“The rabbi at the South Hampton chabad reminds me it’s never too late,” he said cheerfully. “As many of the local tribesmen say, I’m 100% Jewish and only half Japanese.”
That he is planning a bar mitzvah came as news to his Jewish mother.
“If he’s made an appointment for this, dammit, I want to know about it!” she said over the phone. “Did he give you a date?”
I told her he was thinking late August, early September.
“Can you call me every week and tell me what my sons are doing?” she muttered, good-naturedly. “I have to find out from other people and news reporters.”
She is proud, of course, to have children in such demand.
“When he was six months old, I went to see a very powerful psychic and she said to me, ‘you have a young boy who is a very old soul and you will learn a great deal from him,’” she recalled. “After 32 years with this guy, I have to tell you she was spot on. He gives me guidance when I can reach him on the phone, but good luck with that.”
An artist known for her swift studies, Lynn was invited to Japan in 1973. She was drawn to emerging fashion designers like Rei Kawakubo and Issey Miyake and was soon under contract to American Vogue, which published her renderings of Japanese runway collections.
But it was her fascination with sumo that made her name.
“She was able to get access behind the scenes of that world, where she became famous drawing sumo wrestlers doing things that the outside world had never seen before—sleeping or training or eating,” Mr. Matsuoka explained. “Some of her most famous pieces are of top-ranked sumo wrestlers playing Gameboy.” A report on CNN described her as so well-known in Japan that her name was “synonymous” with sumo in that country.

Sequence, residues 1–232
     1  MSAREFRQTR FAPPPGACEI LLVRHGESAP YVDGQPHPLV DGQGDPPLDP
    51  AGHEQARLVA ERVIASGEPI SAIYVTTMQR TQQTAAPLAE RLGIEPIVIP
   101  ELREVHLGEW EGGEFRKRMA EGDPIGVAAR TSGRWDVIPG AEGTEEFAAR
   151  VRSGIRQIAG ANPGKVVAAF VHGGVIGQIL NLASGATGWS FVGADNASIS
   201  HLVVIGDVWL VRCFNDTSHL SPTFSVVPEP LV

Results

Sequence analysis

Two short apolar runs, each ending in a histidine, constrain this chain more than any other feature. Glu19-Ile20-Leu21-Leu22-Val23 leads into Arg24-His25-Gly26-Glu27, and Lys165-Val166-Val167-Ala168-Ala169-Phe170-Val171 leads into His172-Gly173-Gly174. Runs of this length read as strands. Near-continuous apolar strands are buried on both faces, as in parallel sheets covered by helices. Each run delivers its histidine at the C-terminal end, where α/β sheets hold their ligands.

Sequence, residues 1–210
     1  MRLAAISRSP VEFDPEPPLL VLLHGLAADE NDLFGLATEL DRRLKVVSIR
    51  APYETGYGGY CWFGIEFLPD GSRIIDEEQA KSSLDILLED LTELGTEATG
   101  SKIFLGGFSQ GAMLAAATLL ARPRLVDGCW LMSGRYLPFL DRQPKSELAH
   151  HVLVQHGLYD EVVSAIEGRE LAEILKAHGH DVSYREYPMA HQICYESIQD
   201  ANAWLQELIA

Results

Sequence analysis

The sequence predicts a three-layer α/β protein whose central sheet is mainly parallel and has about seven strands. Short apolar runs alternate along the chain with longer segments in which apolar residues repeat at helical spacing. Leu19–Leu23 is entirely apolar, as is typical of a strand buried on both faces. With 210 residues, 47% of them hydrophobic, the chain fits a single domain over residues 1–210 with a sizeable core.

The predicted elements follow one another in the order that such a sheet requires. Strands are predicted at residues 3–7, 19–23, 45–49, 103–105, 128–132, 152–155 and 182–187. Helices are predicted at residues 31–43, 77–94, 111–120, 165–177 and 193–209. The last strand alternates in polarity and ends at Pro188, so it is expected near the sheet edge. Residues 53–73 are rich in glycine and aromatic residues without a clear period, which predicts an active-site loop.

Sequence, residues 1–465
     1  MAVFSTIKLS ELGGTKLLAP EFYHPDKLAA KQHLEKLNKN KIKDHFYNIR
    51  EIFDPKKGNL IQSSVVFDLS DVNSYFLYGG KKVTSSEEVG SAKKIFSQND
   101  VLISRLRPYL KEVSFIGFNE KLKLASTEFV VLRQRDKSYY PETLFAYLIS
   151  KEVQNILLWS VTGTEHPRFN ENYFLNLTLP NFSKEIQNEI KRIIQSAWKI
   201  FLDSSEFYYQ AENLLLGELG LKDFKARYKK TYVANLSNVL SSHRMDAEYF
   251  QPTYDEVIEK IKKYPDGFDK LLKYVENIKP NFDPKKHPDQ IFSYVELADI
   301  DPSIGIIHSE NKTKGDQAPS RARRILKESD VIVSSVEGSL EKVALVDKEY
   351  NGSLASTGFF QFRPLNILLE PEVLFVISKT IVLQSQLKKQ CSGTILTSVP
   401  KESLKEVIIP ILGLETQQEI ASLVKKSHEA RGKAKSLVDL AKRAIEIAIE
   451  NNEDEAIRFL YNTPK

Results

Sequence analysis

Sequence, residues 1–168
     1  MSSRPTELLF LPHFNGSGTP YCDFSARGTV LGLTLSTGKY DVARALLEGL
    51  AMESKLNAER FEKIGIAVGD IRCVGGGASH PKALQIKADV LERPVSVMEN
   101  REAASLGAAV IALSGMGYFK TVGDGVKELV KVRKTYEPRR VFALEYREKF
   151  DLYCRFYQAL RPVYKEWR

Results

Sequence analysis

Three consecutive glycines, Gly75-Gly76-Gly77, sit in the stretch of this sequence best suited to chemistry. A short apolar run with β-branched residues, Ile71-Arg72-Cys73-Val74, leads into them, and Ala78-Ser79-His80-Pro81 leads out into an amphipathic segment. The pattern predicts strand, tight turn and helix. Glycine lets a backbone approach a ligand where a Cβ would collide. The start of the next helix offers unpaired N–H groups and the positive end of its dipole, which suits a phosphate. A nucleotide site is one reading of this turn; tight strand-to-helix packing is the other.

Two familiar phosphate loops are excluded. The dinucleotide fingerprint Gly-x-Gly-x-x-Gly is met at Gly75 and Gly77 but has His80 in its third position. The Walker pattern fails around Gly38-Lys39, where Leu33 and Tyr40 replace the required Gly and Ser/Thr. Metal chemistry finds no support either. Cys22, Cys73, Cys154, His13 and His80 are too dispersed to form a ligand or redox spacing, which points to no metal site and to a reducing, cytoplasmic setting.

Along the way, she married and had two sons with Kazutomo Matsuoka, a top-ranked sumotori. Fragmented years followed. The couple moved to New York to have their children, but split. Mother and sons returned to Tokyo, leaving their Japanese father to his new career on Long Island. She re-married.
“Then,” she said, “I moved the circus to Hawaii.”
Cue surf guitars.
“I feel like I became who I am today in Hawaii,” the strapping, 6’2″ Mr. Matsuoka said. “I studied Hawaiian language and dance and my brother and I were professional hula dancers when we lived there.”
“It just so happened that the only school in Hawaii that had a dormitory also had the best kumu—hula instructor,” he said. “All the coolest guys in school were hula dancers and it just so happened I fell in love with it.”
Mr. Matsuoka practiced traditional hula, sometimes wearing only a loin cloth that is “enough to cover your junk and your butt and that’s it,” he said. “Hula is a very sexual, sexy thing.”
So, is this a skill he might trot out for the bar mitzvah?
“According to the traditions of hula, you are only allowed to dance under the direction of your kumu,” he replied soberly. “So, the last time I danced was right before I left Hawaii.”
Given his bohemian upbringing, that seems kind of a let-down. His mother has a theory.
“Tora says all the time that I have helped him in life by showing him what not to do,” she said.